Middle Ground.—Tower-hill in one with the slope on the southern rise of Tea island will keep you in four fathoms : the three fathoms1 line extends within two and three-quarters cables of the island of Wae-wookweisan,* which must be steered for after passing Guard-house island. There is a deep channel between it and Guard-house island one cable in width; and also between the middle and the shore of Chusan there is fifteen and sixteen fathoms, the distance being one and a quarter cables: the channel between Guard-house island and Chusan is fit only for boats.
The strait or south channel is a precarious entrance for vessels, unless they have a commanding breeze, and are acquainted with the localities of the rocks, and set of the tides. The outside anchorage for this passage is abreast Elephant island in sixteen and seventeen fathoms: the holding ground however is not good, and vessels entering further will find deeper water, and stronger tides; and it is by no means so well sheltered as that between Bell and Tea islands.
Southern Rock.—The southern sunken rock lays S. 63° E., one and three-quarters cable from the Black rock, and N. 75° E., one and threequarters from the ledge; the marks for it are Joss-house hill just skirting the ridge of Trumble and Sarah Galley islands; Cap rock on with the Saddle of Kintang or Silver island; it has but nine feet over it, (low water springs), seven and eight fathoms extend east and west of it, but north and south it is steep to.
Hindostan Rock.—The north rock lies N. 3° W., one and threequarters cable from it, and has also nine feet on its shoalest part: in extent it i3 larger than the other, and steep to on all sides. The marks for it are the north extreme of Black rock touching the mound on Cap island; the Joss-house hill seen clear of Trumble island, and a bushy tree on the south-east slope of Sarah Galley island in line with the square beacon on the hill.
The navigation of the passage is rendered more difficult in this immediate neighbourhood by the tides which meet from four different channels forming eddies which render vessels in light winds totally unmanageable.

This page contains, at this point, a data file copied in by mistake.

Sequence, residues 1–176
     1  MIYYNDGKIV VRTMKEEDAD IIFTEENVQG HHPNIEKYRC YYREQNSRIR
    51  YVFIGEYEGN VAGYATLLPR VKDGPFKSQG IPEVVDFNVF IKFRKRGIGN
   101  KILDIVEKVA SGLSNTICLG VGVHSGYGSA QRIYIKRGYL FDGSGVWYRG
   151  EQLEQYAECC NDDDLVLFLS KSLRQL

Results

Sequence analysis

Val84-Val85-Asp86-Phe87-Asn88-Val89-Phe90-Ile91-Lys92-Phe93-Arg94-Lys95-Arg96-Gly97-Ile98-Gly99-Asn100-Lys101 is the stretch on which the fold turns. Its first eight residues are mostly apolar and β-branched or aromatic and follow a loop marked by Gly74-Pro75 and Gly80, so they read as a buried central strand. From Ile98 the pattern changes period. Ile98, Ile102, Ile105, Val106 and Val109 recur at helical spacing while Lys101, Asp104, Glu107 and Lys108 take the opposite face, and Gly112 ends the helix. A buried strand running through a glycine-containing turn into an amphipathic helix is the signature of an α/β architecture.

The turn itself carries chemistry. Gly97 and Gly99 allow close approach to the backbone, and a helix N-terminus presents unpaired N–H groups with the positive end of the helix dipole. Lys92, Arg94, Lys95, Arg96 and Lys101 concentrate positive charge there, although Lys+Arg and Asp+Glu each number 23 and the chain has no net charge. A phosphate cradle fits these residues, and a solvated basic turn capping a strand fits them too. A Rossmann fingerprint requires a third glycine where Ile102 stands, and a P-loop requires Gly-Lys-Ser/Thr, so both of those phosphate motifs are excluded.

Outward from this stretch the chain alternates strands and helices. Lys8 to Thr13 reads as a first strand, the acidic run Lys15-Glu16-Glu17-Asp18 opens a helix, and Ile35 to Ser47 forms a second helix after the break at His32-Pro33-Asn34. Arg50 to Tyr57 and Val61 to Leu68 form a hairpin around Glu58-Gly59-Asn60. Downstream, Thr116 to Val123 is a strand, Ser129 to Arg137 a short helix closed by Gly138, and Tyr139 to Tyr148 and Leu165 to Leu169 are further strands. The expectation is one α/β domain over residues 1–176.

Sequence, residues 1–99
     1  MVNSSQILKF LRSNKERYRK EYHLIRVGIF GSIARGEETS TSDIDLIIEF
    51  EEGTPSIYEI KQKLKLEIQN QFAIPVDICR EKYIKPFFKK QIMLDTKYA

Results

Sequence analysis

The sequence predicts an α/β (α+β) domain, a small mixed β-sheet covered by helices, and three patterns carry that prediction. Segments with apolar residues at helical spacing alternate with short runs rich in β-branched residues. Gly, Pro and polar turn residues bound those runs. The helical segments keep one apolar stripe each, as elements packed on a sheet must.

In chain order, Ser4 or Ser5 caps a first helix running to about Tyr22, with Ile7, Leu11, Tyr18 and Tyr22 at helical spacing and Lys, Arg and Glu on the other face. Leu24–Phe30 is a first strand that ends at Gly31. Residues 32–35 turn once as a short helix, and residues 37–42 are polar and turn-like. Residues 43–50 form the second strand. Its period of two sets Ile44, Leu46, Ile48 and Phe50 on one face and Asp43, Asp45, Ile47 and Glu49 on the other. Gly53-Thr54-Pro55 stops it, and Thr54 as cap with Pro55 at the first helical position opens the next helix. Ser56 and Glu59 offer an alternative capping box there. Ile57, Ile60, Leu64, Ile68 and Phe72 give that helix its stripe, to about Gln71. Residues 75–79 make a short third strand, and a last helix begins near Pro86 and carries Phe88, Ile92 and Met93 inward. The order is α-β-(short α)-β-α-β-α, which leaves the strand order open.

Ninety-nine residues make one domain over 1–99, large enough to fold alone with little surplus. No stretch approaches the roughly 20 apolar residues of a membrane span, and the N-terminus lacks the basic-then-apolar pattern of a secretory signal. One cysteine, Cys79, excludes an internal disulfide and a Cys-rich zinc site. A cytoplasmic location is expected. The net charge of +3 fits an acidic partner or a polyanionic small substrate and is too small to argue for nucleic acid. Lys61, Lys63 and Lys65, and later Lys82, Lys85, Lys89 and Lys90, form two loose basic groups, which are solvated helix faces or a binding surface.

From the sunken rocks to Wae-woo-kweisan there is no danger, and by hauling close round the latter island the middle ground will be avoided.
Passage between Sarah Galley and Deer Island.—There is also another channel, (which is preferable to the latter,) between Deer and Sarah Galley Islands, which is one and three-quarters cable wide: The sunken rocks are avoided by keeping Deer Island on board. A mud spit extends three quarters of a cable from the north end of Deer Island, but it does not interfere with the passage. The north-east
* Called Macclesfield in Thornton's chart.
beacon may be approached on either side within a quarter of a cable, and the Chusan shore is steep to. Abreast Laou-chusan the passage narrows to one cable, but the danger is marked by a stone beacon, which shews at all times of tide. West of the beacon is a shoal patch, which by keeping the Chusan side until Sarah Galley shuts in with Trumble Island, will be avoided; it has nine feet water on the shoalest part.
Between Trumble and Sarah Galley Islands there is a convenient anchorage in nine and ten fathoms; the three fathoms' line extends three and a quarter cables south-easterly from Trumble, but by bringing the south extreme of Wae-woo-kweisan in line with highest part of Tea Island, its extreme limit will be marked. This passage offers the advantage of being the only one in which the same tide will carry you into the harbour.
Chusan towards Ningpo.—Ships bound from Chusan to Ningpo should pass between Bell and Tower-hill Islands, and not between Bell Island and Chusan; as in the latter passage there are some sunken rocks, besides those upon which the beacon stands, and the tides are very rapid.
Watering.—Water is not good, and sometimes scarce; the tanks in the rice fields near the sea being the only supply, excepting wells which afford only a limited quantity,—no running streams have been found. The place latterly adopted for this purpose by the men-of-war is in the bay, west of Guard-house Island.